Oddball idea: make a stack tape. Walk up and face the speaker in the balcony from about 10-15 feet away. You will look odd facing the speaker, but that will be an optimal way to reduce crowd chatter and pick up direct sound from the speaker. Of course, if this band has lots of stereo effects and you know they mix in stereo, then my advice is wrong. One of my finest recordings veer made in the 40 years of doing this was from about 6 feet from a Meyer UPA-1 in a balcony. We took over the front table and set the mics up almost as if we were close micing onstage!
Rock on!

Sounds good to me. Thanks!

Offline Gutbucket

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Re: Help needed with taping strategy!
« Reply #6 on: March 05, 2024, 10:15:44 AM »
^ I'm thinking like those guys!

I once wore miniature omnis in the laces of my shoes recording from a side balcony up close to the stage and PA.  The PA speakers on that side were only ~10 feet away, down at foot level.  Made for a clear direct path from PA and stage to the mics, and positioned them about as far away as possible from all the mouths and clapping hands packed in below, behind and to the sides.  Worked really well.  Other times in similar situations I've dangled them over the rail, similarly positioning them.  Also used the on-shoe method a few other times for jazz gigs from right up front with the band setup on the floor rather than on a raised stage.  Each of those arrangements got nice clear direct sound and helped minimize direct pickup of nearby audience members.

Have thought many times about the approach DavidPuddy mentions, either with a friend, or by using a miniature planted rig on the opposite side, but have never done it.  Would be sort of the ultimate take on this technique.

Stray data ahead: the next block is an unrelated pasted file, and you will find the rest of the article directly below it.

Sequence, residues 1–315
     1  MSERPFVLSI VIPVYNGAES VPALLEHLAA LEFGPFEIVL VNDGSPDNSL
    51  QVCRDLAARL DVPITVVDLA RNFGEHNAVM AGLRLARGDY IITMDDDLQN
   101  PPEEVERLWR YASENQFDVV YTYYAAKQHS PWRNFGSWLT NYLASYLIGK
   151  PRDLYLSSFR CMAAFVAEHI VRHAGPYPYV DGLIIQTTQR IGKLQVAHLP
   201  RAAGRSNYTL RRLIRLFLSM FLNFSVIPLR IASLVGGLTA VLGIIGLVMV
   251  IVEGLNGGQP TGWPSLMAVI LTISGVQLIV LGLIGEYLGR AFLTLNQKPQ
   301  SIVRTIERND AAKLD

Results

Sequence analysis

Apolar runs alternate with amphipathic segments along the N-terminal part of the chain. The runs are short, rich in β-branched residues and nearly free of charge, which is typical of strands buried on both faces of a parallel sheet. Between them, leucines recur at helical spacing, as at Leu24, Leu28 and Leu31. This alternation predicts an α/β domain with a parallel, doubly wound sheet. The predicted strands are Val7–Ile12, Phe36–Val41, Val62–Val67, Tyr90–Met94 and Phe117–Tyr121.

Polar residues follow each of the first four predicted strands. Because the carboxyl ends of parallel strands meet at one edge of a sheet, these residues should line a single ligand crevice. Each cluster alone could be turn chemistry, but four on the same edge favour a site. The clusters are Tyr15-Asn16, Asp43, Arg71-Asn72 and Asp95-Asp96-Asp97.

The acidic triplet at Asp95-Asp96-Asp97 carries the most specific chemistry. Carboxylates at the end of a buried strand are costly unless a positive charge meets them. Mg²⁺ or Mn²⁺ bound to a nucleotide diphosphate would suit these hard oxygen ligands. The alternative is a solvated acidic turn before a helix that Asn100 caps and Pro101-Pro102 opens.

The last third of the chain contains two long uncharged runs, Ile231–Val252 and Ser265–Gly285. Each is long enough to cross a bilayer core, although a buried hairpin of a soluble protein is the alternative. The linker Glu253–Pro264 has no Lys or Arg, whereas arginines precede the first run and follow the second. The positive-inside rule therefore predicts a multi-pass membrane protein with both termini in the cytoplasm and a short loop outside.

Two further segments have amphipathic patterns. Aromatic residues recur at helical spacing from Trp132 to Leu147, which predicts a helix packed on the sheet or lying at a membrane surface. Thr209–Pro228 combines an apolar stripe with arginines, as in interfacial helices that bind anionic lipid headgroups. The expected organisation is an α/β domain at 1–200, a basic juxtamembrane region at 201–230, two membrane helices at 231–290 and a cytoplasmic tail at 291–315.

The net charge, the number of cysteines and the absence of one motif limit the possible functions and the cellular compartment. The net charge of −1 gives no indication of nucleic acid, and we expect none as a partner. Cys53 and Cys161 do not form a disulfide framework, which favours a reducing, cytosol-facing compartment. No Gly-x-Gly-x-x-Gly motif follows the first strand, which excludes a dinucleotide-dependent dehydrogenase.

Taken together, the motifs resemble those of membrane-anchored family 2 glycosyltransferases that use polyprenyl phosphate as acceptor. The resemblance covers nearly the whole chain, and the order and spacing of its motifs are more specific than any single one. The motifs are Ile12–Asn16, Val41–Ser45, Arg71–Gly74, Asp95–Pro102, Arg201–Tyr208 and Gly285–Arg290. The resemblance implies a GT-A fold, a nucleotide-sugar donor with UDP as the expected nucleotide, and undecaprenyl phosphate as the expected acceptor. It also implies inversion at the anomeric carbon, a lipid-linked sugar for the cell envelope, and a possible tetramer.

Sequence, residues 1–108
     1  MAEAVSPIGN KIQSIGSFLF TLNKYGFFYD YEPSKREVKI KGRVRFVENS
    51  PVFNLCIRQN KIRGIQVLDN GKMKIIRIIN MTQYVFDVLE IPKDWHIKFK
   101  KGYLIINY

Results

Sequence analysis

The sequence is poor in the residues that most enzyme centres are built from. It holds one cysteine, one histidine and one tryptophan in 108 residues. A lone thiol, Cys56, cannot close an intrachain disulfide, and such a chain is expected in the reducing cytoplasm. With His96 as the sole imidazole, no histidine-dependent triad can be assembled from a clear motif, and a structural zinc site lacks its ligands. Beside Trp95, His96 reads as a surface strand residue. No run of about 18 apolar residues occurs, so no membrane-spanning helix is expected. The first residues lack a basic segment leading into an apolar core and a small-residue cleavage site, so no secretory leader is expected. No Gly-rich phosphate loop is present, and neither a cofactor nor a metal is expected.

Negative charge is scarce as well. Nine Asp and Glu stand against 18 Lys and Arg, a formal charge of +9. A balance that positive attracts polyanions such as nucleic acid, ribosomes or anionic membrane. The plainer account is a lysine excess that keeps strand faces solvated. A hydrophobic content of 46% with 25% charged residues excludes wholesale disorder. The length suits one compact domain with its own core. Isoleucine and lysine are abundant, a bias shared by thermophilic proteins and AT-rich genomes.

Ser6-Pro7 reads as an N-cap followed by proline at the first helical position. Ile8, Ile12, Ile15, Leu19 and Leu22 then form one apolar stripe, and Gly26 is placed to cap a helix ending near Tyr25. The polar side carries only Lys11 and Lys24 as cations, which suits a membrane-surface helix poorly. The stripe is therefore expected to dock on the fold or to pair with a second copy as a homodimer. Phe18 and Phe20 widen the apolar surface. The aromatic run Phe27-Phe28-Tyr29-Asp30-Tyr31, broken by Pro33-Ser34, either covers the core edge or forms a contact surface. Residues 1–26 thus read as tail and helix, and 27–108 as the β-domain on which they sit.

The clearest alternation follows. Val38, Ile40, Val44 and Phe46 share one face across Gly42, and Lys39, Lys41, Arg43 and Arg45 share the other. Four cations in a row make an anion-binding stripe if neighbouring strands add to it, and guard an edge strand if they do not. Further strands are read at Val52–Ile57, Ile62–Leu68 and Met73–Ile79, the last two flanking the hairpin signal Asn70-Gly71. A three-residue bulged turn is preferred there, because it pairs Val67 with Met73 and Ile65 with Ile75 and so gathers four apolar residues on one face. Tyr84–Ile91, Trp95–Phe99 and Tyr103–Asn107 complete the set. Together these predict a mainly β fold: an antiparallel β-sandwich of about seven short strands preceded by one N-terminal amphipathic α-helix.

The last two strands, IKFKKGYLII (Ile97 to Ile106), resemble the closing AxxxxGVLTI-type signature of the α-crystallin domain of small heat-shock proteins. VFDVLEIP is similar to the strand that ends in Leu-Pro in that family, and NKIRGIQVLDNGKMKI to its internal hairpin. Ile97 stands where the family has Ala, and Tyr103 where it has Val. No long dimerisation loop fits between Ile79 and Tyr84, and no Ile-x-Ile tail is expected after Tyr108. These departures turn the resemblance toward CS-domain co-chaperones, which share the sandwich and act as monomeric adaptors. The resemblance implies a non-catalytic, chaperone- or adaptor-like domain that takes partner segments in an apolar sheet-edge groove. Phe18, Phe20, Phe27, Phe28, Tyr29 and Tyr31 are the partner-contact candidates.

« Last Edit: March 05, 2024, 10:17:31 AM by Gutbucket »
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Offline fanofjam

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Re: Help needed with taping strategy!
« Reply #7 on: March 05, 2024, 03:45:14 PM »
Yup, that's exactly what I was going to suggest.  I'd just choose one of the stacks and record close up.  You'll still hear the chompers between songs but during the music the stacks will dominate most of the crowd noise. 

As far as recording both stacks for stereo, I've owned multiple recorders/rigs for a long time and it's not unheard of for me to find a place near a stack to stash one of my rigs and just let it record into either one or both channels, then I stealth the stack on the other side.  Requires a bit of skill in post to create the master recording, but nothing too technical.  It's mainly about matching the length of the two recordings using the stretch tool since two separate recorders will never synch up perfectly over the course of...say...a two-hour show.  By the end, one recording will be longer than the other by some numbers of milliseconds.  If you join them together without any stretching of one to match the other, the mix-down will start out sounding fine, but by the end of the recording you will start to hear a reverb type of effect.  Or if the time difference between the two recording is more than a few milliseconds, the effect is more of a slap-back effect. 
« Last Edit: March 05, 2024, 03:48:30 PM by fanofjam »

Offline Gutbucket

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Re: Help needed with taping strategy!
« Reply #8 on: March 05, 2024, 04:34:25 PM »
^ End result after the channel sync'ing should be very similar to the technique of hanging a wide spaced pair out in front of the PA speakers as we discussed in a recent thread installing permanent mic rigs a venue, and in others in the past.    IME that technique can produce a recording with excellent upfront clarity, good stereo width, and a big open decorellated room and audience sound.
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Offline Thierry

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Re: Help needed with taping strategy!
« Reply #9 on: March 06, 2024, 06:01:31 AM »